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Splashing colour and culture into the arid Peruvian landscape, Lima is a city bedecked with grand colonial splendour. Founded in 1535, this sprawling capital enjoys a breezy oceanfront location and forms one of the world’s largest desert cities. A place of sharp contrasts, almost 10 million people are packed into the city, occupying vastly different living conditions. Visit for an unfiltered experience of this richly layered place of ancient history, colonial relics and dazzling flavours. View less
Rising from the misty blanket of the garua – a persistent fog that cloaks Lima during winter – you’ll find one of South America’s most culturally vibrant cities. The former capital of the Spanish colonists – head to Plaza de Armas to immerse yourself in the heart of the old city. The Basilica Cathedral of Lima watches over Plaza Mayor – listen out for the stomps of boots outside, as the pomp and ceremony of the Changing of the Guards draws crowds to the Government Palace. The history of this area runs much deeper, however, and pre-Colombian cities and temples emerge from the dusty earth nearby. Grand museums showcase unearthed treasures from the extraordinary civilisations who built vast mud adobe cities across Peru’s coastline, and incredible settlements in the country’s valleys and mountains. The Barranco district is Lima’s artsy area, and you can walk from modern art galleries to see the local muse, the Bridge of Sighs. This wooden bridge is an artist’s favourite, and one of the city’s most romantic spots. Afterwards, sample some of Lima’s cuisine, and the zingy flavours of spicy, lime-marinated fish ceviche. So revered in these parts, ceviche even has its own national day on June 28th. Sipping a Pisco Sour is the perfect way to round off your visit to this engrossing, multi-layered city.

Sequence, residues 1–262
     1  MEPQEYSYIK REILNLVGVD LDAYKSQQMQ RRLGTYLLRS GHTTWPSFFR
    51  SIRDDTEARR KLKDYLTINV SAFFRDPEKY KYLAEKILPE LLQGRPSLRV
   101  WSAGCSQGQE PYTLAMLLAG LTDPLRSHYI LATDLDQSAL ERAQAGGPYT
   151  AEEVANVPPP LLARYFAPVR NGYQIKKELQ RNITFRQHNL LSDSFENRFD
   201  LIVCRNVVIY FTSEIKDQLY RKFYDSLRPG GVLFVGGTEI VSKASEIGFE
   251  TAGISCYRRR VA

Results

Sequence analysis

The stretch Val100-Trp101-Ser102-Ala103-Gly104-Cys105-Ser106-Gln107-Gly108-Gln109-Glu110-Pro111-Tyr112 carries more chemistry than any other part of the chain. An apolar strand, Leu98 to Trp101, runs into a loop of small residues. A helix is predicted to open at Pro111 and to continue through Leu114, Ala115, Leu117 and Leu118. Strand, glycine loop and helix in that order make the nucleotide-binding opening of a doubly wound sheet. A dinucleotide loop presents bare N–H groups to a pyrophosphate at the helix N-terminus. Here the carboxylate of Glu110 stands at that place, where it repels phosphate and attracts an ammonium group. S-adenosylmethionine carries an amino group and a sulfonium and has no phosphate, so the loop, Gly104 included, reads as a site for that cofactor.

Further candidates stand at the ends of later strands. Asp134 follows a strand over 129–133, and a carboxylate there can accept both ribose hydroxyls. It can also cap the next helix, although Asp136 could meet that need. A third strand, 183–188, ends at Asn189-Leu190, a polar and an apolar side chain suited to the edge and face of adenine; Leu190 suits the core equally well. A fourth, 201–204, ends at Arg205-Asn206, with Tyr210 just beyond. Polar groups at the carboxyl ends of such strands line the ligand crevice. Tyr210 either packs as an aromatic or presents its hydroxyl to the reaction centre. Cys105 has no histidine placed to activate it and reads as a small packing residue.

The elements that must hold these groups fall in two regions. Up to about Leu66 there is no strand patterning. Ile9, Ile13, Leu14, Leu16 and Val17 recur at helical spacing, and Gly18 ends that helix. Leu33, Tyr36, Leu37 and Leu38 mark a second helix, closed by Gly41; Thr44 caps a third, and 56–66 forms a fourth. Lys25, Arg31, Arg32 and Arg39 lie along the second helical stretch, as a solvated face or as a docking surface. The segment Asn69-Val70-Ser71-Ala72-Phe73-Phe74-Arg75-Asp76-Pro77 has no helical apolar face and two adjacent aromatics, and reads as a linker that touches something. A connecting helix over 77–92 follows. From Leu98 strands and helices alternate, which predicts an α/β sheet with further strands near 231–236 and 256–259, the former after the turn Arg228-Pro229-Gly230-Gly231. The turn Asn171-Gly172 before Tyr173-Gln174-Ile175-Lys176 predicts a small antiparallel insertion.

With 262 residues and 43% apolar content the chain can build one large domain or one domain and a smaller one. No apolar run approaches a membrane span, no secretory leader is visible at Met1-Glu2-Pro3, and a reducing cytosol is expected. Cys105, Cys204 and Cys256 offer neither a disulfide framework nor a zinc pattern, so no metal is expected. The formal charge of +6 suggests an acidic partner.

The port city of Paracas is blessed with magnificent natural beauty and rich historical importance, offerings inviting beaches, ideal weather and pleasant scenery — a combination that draws visitors throughout the year. The shores of the Paracas Peninsula and waters of the bay teem with wildlife and have been declared a national reserve. Condors frequently can be seen gliding on the sea winds or perched on the cliffs; pink flamingos often rest here on their migratory flights. View less